I talked about the runway and opportunities. By being very long-term oriented and aggressive (or naive), the posts probably make most readers identify more execution risks than opportunities on the business fundamental. Now let’s look at risk of paying too much or what might make the share drop.

  1. Category Change
    If Unity is trading at a multiple of high growth category, it might face de-rating when it’s not able to consistently deliver that high growth or when investors realize its fundamental actually has lower growth (sentiment change).
  2. Overall SaaS Multiple Contraction
    The SaaS multiple has expanded significantly since April, it’s difficult to predict whether it will expand further, stay within a band or even contract in the future.
  3. The Robustness of Operate Revenue Growth
    Operate revenue (~60% of total revenue for the six months ended June 30, 2020) is primarily generated by Unity’s advertising product at the moment. If the advertising revenue growth derailed, Unity might experience severe revision on valuation.
  4. Market Might Not Be Willing to Attach SaaS Multiple on Operate & Others Revenues
    Create Solutions revenue is subscription-based which is recurring. However, Operate Solutions and Others revenues are more like re-occurring revenues which might not be suitable to be valued as SaaS business. More investors using sum-of-the-parts (SOTP) on Unity will depress the share price. While I fine with a stretched revenue-based multiple, it’s still difficult for me to swallow valuation method mismatch. Be careful when you know your counter-party is very savvy.

Two tweets about Peloton after earnings release might be related point 4 above. To me, Peloton is a software-in-a-box. It generates revenue streams and contribution profits from boxes (Peloton’s bikes and treadmills are actually lucrative) and software (subscription). Hardware contributes large portion of total revenue and this revenue stream is re-occurring by market penetration, product penetration (offering market more products or selling existing users different product. For example, a bike user might further purchase a treadmill) and long-cycle product replacement (how many bike you need in your lifetime?). Software contributes smaller portion of total revenue at the moment and its monetization is subscription which is recurring.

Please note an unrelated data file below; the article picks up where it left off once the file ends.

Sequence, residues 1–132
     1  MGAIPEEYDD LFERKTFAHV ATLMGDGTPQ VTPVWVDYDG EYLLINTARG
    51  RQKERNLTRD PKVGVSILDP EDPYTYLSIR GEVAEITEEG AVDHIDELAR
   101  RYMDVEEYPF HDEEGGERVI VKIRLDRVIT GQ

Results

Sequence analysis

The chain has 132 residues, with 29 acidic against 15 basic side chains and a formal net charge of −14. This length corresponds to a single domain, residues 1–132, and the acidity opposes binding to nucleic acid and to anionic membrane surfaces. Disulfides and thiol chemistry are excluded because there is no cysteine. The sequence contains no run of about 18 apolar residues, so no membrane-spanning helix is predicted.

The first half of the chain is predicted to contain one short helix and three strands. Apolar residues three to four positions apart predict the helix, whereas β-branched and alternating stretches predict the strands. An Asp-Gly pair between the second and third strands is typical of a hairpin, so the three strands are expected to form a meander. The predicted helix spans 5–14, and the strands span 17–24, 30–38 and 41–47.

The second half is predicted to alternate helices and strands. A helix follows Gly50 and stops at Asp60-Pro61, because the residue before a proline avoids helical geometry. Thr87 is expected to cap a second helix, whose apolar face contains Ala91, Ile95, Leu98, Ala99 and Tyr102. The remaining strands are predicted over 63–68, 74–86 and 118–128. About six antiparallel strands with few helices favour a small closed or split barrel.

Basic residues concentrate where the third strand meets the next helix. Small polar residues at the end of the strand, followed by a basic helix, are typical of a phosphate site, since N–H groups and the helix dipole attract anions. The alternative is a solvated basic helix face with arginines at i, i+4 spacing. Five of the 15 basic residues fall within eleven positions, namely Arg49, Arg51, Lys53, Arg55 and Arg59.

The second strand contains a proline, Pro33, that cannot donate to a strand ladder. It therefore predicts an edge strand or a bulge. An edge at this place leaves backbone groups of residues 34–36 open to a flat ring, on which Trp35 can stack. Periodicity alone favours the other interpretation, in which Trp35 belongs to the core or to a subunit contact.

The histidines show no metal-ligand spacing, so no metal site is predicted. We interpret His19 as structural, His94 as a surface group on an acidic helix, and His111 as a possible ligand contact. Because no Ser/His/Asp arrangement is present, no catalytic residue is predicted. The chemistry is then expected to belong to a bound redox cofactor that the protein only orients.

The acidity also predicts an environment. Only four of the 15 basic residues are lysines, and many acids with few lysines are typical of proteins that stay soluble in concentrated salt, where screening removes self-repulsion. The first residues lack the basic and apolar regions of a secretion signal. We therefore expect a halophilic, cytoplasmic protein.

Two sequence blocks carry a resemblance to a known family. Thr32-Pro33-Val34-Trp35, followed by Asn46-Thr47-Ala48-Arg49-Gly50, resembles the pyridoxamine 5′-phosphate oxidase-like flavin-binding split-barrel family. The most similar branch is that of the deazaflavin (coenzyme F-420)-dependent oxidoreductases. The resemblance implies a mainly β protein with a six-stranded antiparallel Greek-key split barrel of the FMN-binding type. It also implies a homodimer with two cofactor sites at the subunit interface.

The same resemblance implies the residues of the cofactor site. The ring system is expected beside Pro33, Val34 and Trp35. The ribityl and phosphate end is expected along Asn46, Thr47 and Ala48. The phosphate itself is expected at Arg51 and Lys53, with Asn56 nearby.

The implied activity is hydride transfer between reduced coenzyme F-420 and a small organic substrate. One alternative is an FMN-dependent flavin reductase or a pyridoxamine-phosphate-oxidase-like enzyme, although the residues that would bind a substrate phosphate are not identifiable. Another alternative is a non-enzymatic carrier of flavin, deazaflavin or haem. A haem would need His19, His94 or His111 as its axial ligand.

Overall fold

Lastly, market is willing to put premium on valuable strategic asset (game engine). Sellers will definitely take advantage of that.

Previous posts on Unity:

  1. Thoughts on Unity and Game Engine before Unity IPO
  2. Unity – IPO Note

Unity – IPO Note

💡 This note is NOT an advice for making any investment decisions. Data in this note is hand-collected so it’s recommended to double check your data provider and S-1. The content here is my intellectual exercise so it might deviate from reality substantially and should be different from typical S-1 tear-down or IPO snapshot (hopefully in a positive way). If reader is not familiar with the company and hasn’t read the S-1, the content here might be toxic. If you haven’t read the S-1 or something like S-1 tear down / Fintwit thread, you should check this Notion page. Google Sheet for model data below. Previous post: Thoughts on Unity and Game Engine before Unity IPO. Next post: Unity – IPO Note 2.

Unity – Product Offerings

Unity has two distinct, but connected and synergistic sets of solutions. The Create Solutions and Operate Solutions are two suites of software used by content creators and customers who want to acquire/retain end-users, run the content or monetize the content. In gaming vertical, Unity’s business is something like game-as-a-service enabler which covers a value chain from content creation to live ops.

Apparently, a job can be done by a suite of software or by a software encapsulating all needed features. While there might be some connection / integration among software within / across suite(s), the integration level or ease of use of software suite is generally inferior than that of the all-in-one software or software platform. Due to broad adjacent market, fragmented use cases / scenarios / workflow and limited resources, it’s understandable a company is unlikely to build every software / features in-house even if they have a platform mindset. However, what the company can do is buying stuffs which are complement to the exiting offerings and then try to integrate them into a software platform or make it as a standalone offering while still being connected to other offerings. There are few implications below:

  • The acquisitions need capital and/or shares.
  • The acquired products and teams need to be integrated into company. While sometimes it’s better to leave the acquired asset alone. e.g. the asset is a disruptive technology / business model to the acquiring company.